Even with Charger Shawne Merriman lost to injury, Cassel was sacked four times. Sacks of Rivers? Zip. Nada. The Big Bagel. Where’s the Patriots’ outside rusher who can bring pressure? Did Mike Vrabel and Adalius Thomas take vacations on the West Coast? And where’s the downfield coverage? O’Neal’s plays looked like plays by a different O’Neill – Eugene’s grim stuff that exposed the vulnerabilities of man.
On special teams, does the kick return unit have something better than the “Run Into the First Defender” play?
Did New England’s coaches prepare them for deep passes on either side of the ball? Aren’t Patriots defenses geared to stop the long stuff? On offense, what’s wrong with a medium-range pass once in a while? And what’s with all the penalties last night (six for 73 yards)?
I don’t know the answers to all of these questions, but I can guess at some of them. The defense lost some of their intensity last year due to age and personnel changes; now, when the offense struggles, so do they. Moss (three catches, 36 yards) can’t be happy; no one on his side of the ball is. Ever since “The Game We Won’t Mention,” the O line has been mired in mediocrity.
My theory? It all goes back to the QB. At his best, Cassel’s fine. Just fine, like how you’ll tell your boss you feel this morning after last night’s debacle. He has failed to find Moss deep and has even missed Welker shallow (Welker ended up with nine grabs for 73 yards. Okay for a possession game, not great Sunday night). He holds the ball too long yet can’t locate open receivers (just ask Watson, still waiting in the end zone). At some point – probably while sitting on the bench for eight years – his sensitivity to pressure must have gotten a novocaine shot. The worst part of last night, though that’s up for argument, came in the final minutes, when coaches continued to call screen passes for Cassel. That said a lot. With the game decided, they still kept the reins on him. He ended up hitting 22 of 38 passes for 203 yards, zero TDs and one interception. In a close game, that might have been effective. Down by three or four scores? Not so much.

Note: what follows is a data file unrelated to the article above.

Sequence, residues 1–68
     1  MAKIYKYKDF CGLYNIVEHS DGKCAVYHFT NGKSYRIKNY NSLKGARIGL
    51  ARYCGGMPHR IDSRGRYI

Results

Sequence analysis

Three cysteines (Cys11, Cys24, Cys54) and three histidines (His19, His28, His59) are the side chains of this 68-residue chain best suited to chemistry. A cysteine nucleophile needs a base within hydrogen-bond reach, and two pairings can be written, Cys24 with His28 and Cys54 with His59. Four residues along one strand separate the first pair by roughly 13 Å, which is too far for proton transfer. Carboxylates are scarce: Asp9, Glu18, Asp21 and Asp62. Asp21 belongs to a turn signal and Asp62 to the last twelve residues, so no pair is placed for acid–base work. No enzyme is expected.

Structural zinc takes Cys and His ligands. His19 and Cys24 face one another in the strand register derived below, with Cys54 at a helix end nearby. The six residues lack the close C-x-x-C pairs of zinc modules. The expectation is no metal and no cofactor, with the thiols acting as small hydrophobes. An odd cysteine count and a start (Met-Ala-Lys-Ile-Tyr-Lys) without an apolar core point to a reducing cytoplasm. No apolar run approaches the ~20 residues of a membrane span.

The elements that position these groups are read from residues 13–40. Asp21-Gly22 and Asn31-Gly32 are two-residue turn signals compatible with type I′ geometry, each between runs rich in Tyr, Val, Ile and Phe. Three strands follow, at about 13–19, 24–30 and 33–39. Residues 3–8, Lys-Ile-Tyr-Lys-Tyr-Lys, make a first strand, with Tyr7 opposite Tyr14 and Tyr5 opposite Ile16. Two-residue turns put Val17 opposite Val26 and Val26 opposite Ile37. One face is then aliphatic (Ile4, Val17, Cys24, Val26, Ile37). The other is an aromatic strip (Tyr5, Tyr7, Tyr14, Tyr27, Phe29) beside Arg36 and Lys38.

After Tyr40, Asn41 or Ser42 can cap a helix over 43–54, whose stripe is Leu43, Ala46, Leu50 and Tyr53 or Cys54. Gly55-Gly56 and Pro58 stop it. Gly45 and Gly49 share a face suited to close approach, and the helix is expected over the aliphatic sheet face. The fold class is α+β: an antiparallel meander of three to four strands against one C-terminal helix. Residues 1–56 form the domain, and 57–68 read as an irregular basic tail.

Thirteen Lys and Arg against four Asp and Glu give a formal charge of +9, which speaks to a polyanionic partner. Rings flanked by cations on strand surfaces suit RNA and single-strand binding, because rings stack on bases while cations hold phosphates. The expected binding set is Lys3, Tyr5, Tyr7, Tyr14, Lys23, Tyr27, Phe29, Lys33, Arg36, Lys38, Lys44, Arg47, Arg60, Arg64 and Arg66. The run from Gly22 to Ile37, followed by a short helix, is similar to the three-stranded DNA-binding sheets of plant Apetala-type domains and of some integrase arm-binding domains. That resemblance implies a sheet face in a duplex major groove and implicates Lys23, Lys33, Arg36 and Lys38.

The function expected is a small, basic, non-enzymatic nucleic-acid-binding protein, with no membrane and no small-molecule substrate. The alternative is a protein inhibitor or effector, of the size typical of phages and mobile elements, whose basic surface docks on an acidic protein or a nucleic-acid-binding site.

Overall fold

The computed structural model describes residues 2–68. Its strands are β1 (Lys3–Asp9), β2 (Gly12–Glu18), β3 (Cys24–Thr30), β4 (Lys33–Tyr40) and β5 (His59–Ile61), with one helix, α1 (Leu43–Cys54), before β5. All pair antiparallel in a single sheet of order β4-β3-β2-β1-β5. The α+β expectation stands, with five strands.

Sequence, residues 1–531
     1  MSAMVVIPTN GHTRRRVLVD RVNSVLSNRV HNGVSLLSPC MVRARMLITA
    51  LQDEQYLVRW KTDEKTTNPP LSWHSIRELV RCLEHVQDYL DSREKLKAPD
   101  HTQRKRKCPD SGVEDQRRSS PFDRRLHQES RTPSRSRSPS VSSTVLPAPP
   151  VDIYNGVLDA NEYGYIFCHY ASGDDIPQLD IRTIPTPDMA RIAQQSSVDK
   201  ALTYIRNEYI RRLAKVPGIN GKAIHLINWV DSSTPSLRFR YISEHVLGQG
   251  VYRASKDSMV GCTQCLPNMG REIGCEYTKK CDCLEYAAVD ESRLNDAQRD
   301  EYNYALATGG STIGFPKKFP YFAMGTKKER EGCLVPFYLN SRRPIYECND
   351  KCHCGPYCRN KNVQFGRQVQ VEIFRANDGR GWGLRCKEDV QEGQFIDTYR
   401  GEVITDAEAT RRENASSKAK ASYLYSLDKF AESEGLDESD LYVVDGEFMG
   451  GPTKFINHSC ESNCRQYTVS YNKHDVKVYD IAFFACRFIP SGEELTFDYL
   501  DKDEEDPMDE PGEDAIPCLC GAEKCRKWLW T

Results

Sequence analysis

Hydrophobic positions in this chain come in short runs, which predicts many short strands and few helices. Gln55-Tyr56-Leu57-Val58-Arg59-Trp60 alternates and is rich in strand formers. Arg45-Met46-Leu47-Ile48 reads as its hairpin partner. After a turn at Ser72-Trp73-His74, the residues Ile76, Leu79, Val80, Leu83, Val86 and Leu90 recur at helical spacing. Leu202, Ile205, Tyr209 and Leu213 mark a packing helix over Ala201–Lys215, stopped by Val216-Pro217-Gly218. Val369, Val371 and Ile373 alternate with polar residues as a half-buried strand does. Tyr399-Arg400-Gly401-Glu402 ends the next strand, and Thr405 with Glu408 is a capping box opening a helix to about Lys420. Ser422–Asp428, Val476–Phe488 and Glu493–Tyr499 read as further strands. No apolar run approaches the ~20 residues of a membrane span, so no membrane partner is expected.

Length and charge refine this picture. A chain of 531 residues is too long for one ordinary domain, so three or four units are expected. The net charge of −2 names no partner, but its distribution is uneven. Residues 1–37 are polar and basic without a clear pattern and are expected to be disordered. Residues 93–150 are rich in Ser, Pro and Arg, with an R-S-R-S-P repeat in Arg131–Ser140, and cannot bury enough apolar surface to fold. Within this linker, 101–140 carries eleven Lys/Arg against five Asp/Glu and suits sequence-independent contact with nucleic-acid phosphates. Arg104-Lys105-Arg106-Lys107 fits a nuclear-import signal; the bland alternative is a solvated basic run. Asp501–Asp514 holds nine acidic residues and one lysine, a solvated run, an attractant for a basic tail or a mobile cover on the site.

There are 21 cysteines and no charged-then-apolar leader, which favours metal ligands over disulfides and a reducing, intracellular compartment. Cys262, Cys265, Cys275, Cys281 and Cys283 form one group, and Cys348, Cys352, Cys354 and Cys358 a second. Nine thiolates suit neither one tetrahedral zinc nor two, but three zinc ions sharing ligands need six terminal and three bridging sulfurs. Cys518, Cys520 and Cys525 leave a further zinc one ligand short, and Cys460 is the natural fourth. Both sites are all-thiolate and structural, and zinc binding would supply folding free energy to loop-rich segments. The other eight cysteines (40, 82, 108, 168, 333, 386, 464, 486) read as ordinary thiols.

I understand that Cassel has more experience than rookie Kevin O’Connell. I get that right now, Cassel’s the best option. Here’s the rub: Cassel’s contract expires after this season. That means that, for better or worse, he won’t stick around. Maybe it’s time to let the rookie see the field. He might be better than fine.
Really, anything’s better than last night.